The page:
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        Question high kV or low kV for plane with fat fuse?

#1 paulatgis Sep 14, 2010 09:00 AM

high kV or low kV for plane with fat fuse?
 
im making a halls bull dog with a 7 inch diameter fuselage, wing span about 3 foot, weight about 1 1/2 to 2 lbs. The fuse is similar to a Gee Bee fat fuse. Should i fit it with a low kV or high kV motor? Im just planning on flying it slow and easy, but i think it requires extra speed for all that wind resistance.

#2 Alan Hahn Sep 14, 2010 09:32 AM

Quote:

Originally Posted by paulatgis (Post 16044984)
im making a halls bull dog with a 7 inch diameter fuselage, wing span about 3 foot, weight about 1 1/2 to 2 lbs. The fuse is similar to a Gee Bee fat fuse. Should i fit it with a low kV or high kV motor? Im just planning on flying it slow and easy, but i think it requires extra speed for all that wind resistance.

It is important to know, or remember, that the actual running of a motor is dependent on both the kV AND the pack voltage. There is basically no difference in efficiency. So a 1000kV motor on a 3s pack will behave identically to a 1500kV motor on a 2s pack. In both cases I assume the same motor family (e.g. Scorpion 3020-xx) and that the battery pack capacities scale as the kV--so if the 3s pack is a 1000mAHr pack, the 2s pack is a 1500 mAHr pack. That's so you are carrying the same energy, and if the "C" is the same, the current capability will also be the same.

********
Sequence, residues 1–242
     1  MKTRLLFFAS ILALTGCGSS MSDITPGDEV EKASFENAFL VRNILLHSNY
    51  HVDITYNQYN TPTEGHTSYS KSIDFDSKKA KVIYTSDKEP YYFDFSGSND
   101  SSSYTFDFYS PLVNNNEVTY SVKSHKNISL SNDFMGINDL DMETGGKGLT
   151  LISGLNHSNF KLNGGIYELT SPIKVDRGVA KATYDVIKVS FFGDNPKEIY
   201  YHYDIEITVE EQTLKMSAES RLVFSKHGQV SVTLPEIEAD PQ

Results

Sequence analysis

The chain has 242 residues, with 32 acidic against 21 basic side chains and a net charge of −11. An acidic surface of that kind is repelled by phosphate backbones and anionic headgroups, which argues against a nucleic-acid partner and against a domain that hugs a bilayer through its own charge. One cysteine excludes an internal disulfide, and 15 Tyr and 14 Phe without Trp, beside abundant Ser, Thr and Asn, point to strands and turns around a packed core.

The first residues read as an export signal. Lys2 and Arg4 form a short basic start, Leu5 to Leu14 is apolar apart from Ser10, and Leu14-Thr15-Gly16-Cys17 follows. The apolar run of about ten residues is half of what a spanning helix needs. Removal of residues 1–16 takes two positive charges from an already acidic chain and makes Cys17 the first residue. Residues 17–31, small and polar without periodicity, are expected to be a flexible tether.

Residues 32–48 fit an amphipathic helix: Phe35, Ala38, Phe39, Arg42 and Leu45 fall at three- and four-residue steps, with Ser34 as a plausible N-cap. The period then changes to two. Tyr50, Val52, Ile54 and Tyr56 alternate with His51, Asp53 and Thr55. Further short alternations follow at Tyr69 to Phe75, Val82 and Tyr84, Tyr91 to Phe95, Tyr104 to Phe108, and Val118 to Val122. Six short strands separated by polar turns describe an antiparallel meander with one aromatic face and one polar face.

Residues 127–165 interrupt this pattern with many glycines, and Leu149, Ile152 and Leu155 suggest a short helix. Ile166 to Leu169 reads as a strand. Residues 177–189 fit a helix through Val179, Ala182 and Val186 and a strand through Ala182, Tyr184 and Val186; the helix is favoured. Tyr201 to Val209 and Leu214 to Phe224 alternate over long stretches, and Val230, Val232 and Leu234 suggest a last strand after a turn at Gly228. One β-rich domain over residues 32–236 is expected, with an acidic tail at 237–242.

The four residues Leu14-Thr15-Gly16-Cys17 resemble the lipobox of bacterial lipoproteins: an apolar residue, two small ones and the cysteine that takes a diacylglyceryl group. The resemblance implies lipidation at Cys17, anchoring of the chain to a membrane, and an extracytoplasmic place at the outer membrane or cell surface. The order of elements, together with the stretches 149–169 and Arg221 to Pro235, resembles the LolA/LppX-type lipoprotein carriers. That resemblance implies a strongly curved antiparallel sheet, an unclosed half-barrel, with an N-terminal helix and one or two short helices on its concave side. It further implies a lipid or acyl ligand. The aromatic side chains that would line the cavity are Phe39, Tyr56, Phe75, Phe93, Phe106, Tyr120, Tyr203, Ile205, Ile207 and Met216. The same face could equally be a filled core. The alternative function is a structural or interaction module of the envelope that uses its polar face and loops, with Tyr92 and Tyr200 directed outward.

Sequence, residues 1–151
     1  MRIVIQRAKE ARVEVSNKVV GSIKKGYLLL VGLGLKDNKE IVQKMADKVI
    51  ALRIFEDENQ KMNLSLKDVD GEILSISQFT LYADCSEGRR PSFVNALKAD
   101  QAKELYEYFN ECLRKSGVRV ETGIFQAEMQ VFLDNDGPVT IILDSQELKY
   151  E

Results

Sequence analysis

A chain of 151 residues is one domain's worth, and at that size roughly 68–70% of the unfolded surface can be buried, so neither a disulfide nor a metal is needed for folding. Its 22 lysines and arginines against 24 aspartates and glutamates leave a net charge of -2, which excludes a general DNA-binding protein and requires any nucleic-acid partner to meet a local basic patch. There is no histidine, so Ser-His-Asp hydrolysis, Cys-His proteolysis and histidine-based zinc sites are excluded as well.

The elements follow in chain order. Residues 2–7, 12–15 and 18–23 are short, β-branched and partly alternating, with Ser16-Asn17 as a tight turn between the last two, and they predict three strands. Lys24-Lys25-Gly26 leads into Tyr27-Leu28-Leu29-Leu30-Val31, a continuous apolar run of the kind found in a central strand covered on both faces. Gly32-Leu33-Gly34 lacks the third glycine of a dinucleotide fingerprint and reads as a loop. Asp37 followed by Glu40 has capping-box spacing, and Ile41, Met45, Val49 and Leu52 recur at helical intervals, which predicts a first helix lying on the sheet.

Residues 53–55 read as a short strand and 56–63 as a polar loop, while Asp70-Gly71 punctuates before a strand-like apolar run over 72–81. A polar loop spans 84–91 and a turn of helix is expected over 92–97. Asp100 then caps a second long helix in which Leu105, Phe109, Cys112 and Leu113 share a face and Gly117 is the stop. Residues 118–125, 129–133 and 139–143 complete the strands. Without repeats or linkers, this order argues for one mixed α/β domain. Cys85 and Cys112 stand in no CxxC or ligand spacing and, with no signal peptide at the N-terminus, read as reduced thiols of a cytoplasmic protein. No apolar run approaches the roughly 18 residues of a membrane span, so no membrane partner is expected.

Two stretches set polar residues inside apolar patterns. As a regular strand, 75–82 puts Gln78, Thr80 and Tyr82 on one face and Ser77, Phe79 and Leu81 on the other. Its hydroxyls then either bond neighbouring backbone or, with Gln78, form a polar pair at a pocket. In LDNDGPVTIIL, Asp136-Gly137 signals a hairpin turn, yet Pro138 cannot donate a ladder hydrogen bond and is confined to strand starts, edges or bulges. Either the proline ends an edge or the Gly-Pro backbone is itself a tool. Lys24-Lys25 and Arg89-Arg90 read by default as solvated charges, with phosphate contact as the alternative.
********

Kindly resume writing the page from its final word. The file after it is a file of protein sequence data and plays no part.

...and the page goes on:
The only difference is the 2s system needs to have an ESC with a higher current capability-since the watts will be the same.

#3 Bare Sep 14, 2010 12:10 PM

Your logic is flawed :-) Gee Bee exampled has a Very streamlined/ sophisticated fuse/shape.. despite all shade tree opinions.
It was a successful, purpose designed race machine built for max speed.
Gee Bees don't fly slow happily... wing loading is wayyy too high. IF memory serves wasn't the Bulldog a racer?
If so it's needing a.. much.. lower weight/ wing loading to float about.
Only thing of concern is the amount of prop extending beyond the engine cowl.. as there are views that only the outer edges of props actually do the 'heavy lifting'. Size the prop accordingly, then decide what motor is indicated.

#4 eflightray Sep 14, 2010 01:44 PM

1 Attachment(s)
If you're looking at fitting a scale size prop, and the cowl is 7" diameter, that's one fair sized scale prop at 13.5".

For that you would need a fairly low kv outrunner, (or inrunner and a gearbox).

#5 Dr Kiwi Sep 14, 2010 02:44 PM

A KEDA TR2837/16 (~920Kv) swings a 13x6.5 at 21A/220W on 3s... that gets you 43oz thrust but only 37mph... you might be better with a 12x8.

#6 flypaper 2 Sep 14, 2010 09:40 PM

If I remember right, the outer third of the prop does most of the work.

Gord.


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